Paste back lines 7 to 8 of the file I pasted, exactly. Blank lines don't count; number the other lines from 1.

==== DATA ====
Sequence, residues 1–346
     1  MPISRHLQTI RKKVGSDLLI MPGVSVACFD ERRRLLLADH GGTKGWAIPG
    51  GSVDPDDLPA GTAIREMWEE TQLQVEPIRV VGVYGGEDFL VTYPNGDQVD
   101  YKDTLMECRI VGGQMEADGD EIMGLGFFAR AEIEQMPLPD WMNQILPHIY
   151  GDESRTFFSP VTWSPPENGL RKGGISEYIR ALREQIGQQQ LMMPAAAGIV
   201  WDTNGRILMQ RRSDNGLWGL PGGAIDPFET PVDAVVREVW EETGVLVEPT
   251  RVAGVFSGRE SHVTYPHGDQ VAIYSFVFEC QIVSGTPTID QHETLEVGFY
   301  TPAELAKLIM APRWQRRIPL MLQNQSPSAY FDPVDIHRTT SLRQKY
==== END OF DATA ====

   251  RVAGVFSGRE SHVTYPHGDQ VAIYSFVFEC QIVSGTPTID QHETLEVGFY
   301  TPAELAKLIM APRWQRRIPL MLQNQSPSAY FDPVDIHRTT SLRQKY